It now appears that the Obama administration deliberately LIED to the American people about the tragic terrorist attack in Benghazi, Libya last September.

And, after three years of secrecy, Barack Obama's IRS just admitted to targeting and harassing conservative grassroots groups because of their political ideology!




Scandals are dominating the news, even the elite media I patronize. The mass media must be foaming at the mouth. FOX News should probably check their blood pressure.

All of a sudden, it seems, there is a confluence of seemingly unrelated events that look bad for the Obama administration: the Justice Department snooping on phone records of Associated Press reporters, the Internal Revenue Service singling out Tea Party groups for special scrutiny, the Department of Health and Human Services soliciting health care providers for financial support for state health insurance exchanges, and the deaths of four diplomats in an attack on the U.S. mission in Benghazi, Libya. The events may individually be anything from unfortunate outcomes to administrative lapses to actual malfeasance either at low or high levels. I'm getting no vibes from politicians' responses; perhaps one could get a hint from the degree of expressed outrage, but as the right's amps are stuck on "11" this never varies anyhow. One clue is the existence of multiple congressional hearings. In the 1980s Iran-contra scandal--now, there was a scandal for you!--the convictions of Oliver North and others were thrown out on appeal because their trials had been compromised by statements at congressional hearings. Ever since, then, you can pretty much figure that if Congress is holding hearings they're not expecting anything criminal to result, just some political embarrassment.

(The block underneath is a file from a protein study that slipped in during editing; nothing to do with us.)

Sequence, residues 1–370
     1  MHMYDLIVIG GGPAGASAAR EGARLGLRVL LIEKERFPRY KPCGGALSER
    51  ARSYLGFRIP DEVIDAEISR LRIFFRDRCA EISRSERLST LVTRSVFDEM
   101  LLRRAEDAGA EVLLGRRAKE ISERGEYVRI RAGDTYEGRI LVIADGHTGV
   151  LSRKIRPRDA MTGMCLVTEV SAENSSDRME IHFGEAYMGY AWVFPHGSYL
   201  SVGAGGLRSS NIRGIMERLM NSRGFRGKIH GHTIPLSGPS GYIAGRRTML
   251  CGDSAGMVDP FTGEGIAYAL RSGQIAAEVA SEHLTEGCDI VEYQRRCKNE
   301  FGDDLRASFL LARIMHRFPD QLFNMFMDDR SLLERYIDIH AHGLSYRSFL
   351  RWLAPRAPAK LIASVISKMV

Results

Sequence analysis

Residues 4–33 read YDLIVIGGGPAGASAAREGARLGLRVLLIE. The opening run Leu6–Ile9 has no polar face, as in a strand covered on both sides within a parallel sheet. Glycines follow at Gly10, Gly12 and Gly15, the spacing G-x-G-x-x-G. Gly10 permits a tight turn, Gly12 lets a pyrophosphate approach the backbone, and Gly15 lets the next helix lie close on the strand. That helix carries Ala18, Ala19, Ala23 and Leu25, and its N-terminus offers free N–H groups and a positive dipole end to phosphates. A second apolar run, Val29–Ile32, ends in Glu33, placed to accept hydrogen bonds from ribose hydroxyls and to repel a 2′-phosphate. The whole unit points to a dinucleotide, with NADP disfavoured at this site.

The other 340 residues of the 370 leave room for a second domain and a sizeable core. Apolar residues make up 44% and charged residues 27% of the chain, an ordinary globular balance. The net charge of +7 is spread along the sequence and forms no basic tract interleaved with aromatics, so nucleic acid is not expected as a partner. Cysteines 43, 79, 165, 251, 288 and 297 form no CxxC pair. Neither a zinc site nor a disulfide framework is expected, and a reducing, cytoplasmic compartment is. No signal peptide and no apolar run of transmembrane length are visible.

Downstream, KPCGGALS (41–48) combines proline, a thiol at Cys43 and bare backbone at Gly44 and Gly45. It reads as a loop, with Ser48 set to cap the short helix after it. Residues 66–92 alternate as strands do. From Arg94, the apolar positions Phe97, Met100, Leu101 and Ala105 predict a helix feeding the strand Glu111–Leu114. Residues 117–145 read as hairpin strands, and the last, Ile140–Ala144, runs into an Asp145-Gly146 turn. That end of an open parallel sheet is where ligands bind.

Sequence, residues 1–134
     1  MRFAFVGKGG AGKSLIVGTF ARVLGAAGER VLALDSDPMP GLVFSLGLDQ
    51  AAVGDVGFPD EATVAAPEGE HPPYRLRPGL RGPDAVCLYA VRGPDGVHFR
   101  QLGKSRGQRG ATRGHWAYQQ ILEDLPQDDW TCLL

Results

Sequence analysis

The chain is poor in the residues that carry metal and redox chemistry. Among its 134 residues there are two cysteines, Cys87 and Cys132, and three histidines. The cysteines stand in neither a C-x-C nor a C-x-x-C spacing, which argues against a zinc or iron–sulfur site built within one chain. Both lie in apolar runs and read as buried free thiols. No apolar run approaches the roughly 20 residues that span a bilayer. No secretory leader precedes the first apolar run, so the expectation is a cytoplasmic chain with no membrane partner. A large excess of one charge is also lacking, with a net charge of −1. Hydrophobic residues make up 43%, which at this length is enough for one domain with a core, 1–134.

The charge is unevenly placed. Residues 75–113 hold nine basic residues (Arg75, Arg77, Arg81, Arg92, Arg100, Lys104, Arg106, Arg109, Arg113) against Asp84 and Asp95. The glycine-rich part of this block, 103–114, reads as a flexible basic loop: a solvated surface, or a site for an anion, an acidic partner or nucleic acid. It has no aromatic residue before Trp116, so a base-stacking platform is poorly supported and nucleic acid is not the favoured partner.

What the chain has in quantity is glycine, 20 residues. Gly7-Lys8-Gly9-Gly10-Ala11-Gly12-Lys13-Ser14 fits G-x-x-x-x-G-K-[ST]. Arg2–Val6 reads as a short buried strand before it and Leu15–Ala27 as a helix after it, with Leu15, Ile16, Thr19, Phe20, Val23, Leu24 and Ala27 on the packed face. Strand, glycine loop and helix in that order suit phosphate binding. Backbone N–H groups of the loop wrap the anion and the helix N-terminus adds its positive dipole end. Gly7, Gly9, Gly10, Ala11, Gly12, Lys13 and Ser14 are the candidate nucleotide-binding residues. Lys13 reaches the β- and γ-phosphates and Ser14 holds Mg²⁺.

I don't want entirely to dismiss the importance of the issues involved, particularly of the creepy business with the AP, although the unremitting outrage does get to looking fake, particularly when it comes from the throat of Senator Mitch McConnell, who tries very hard to act sincere, but just can't pull it off, or former Senator and presidential candidate Rick Santorum (above, with "Donate Now" button). And the news media, as The New York Times's Frank Bruni argued yesterday, find political fallout everso entertaining, even moreso than what substance the scandals themselves possess. (See also Larry Sabato's 20-plus year-old book, Feeding Frenzy.)